This week, I’m on the South Shore running an intensive Veterans Retreat. It’s a chance to disconnect from everything, and spend uninterrupted time devoted to assisting injured veterans and first responders recover from trauma exposure.
We sit in a close knit circle, and start each morning by asking participants how they slept, and whether they had any new insights following the work we did on the previous day. Most importantly, we ask them if they had any dreams. Whether they’re good or bad, I’ve come to appreciate the value of dreams in trauma recovery.
No one likes having nightmares. As children, we’re taught to try to not think about them, distracting ourselves from the images that most disturb us.
The problem with trying to suppress thoughts is that it keeps them bubbling to the surface while we sleep. Let’s call it our nocturnal internal guidance system.
The brain knows what it wants to process. Whether we like it or not, bad dreams are our mind’s way of letting us know that we have unprocessed memories or emotions that need unloading.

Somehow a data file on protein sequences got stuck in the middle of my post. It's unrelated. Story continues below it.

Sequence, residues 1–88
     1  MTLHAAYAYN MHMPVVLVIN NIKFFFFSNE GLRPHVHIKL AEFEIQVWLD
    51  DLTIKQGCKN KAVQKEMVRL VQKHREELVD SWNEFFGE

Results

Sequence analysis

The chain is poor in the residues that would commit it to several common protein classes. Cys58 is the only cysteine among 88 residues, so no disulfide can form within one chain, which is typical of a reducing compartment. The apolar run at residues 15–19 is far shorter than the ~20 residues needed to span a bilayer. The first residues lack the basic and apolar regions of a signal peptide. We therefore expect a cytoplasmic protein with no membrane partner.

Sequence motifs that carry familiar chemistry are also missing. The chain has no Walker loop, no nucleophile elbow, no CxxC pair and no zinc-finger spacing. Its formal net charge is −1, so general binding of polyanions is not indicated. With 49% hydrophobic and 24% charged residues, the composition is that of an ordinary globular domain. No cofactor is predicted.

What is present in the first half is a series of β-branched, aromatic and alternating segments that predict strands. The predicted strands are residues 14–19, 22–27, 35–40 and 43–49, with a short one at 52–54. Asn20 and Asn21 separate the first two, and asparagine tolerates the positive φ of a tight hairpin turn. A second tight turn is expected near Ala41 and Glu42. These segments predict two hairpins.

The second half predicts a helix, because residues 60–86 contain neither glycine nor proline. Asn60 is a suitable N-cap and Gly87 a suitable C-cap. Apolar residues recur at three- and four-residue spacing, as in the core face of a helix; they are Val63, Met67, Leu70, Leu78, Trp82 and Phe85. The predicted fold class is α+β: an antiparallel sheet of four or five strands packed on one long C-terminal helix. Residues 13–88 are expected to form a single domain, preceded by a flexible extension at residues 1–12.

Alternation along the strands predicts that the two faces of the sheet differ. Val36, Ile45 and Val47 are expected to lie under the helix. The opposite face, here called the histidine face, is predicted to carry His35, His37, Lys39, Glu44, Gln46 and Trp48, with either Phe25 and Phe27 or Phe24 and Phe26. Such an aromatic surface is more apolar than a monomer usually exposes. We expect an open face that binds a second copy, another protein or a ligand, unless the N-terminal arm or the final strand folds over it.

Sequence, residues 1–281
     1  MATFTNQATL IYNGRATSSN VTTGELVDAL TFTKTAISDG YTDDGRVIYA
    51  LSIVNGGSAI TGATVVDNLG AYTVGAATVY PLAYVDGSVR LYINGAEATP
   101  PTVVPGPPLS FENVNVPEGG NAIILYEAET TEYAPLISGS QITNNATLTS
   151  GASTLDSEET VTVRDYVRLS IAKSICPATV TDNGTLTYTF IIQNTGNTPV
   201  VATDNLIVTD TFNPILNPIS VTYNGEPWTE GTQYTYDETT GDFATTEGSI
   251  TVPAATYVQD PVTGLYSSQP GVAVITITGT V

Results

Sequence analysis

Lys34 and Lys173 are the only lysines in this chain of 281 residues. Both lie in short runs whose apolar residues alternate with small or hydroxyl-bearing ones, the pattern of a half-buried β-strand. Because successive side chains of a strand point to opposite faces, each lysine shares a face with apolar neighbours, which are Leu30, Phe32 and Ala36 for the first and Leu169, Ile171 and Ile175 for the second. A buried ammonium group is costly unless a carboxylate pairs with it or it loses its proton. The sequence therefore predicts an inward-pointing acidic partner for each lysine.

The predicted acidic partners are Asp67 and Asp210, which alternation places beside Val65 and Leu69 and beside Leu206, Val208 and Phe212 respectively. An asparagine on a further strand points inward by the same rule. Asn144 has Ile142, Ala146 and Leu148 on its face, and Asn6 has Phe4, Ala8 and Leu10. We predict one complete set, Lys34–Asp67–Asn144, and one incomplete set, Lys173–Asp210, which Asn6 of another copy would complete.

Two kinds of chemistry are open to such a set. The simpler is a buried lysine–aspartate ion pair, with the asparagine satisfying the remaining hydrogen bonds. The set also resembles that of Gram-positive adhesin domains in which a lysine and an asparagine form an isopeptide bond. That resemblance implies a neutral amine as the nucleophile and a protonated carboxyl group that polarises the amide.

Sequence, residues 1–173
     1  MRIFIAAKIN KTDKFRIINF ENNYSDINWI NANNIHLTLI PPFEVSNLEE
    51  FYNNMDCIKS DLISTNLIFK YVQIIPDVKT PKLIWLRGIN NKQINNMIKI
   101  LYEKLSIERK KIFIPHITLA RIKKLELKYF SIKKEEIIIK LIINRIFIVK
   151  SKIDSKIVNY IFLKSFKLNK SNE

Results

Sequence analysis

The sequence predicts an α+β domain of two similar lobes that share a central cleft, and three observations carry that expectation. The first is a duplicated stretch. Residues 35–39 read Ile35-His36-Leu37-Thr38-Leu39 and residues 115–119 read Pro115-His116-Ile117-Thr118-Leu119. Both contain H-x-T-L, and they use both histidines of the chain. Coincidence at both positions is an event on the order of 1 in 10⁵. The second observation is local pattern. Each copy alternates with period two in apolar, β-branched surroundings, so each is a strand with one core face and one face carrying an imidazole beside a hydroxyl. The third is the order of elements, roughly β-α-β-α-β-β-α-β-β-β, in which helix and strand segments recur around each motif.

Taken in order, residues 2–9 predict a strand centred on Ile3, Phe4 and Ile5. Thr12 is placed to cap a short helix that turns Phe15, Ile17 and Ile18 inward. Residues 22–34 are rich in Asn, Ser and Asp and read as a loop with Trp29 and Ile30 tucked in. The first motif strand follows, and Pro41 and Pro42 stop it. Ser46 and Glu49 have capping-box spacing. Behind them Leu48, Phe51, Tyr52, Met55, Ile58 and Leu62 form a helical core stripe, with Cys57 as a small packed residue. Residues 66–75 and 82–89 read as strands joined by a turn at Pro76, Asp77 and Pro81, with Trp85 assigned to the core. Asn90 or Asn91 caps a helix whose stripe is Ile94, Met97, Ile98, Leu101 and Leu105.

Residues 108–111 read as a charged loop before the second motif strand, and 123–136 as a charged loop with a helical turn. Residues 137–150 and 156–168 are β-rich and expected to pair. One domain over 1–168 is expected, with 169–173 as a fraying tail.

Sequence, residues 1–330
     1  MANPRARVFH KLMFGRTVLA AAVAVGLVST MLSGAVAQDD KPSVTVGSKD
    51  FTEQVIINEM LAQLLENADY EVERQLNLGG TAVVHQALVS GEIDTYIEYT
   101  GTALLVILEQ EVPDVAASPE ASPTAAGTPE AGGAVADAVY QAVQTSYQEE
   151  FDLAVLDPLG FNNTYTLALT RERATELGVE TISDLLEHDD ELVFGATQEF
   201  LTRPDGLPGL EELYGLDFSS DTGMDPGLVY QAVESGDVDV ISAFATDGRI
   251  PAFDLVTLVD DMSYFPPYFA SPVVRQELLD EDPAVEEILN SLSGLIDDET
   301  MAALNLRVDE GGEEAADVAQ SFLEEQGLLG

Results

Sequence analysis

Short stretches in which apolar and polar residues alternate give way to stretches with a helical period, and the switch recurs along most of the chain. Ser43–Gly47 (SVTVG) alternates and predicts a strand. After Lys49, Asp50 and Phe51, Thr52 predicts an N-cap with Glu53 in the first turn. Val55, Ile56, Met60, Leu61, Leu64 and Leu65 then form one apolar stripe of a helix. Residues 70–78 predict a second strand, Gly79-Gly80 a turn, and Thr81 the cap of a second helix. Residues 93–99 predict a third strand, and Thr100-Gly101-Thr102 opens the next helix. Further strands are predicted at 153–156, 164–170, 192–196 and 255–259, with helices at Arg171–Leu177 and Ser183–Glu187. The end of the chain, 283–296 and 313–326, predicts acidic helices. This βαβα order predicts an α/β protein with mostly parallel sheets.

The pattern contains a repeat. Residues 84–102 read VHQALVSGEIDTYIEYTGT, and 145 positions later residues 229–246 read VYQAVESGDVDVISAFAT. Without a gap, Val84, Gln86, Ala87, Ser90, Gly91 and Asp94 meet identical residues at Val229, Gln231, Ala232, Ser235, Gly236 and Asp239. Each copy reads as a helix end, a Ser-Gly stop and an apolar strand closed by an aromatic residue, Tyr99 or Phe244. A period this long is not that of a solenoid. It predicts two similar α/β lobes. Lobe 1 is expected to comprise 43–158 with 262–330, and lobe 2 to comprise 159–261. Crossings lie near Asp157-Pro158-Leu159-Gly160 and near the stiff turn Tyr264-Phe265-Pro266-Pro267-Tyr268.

So, I bet you know what I’m going to say next…the only way to stop the bad dreams is to work through the underlying cause.
It’s only by shining a light on our darkest places that we are able to remove the threat… see what needs to be seen so that we can move forward.
Strange as it seems, dreams (good or bad) are our friends. They serve as our inner compass, pointing us in the direction of where we need to look.
So instead of shying away from bad dreams, consider leaning forward, taking a closer look at what your subconscious is trying to tell you. It’ll generally point you in the direction of health.
Belinda Seagram, Ph.D., R. Psych.
Executive Director, Landing Strong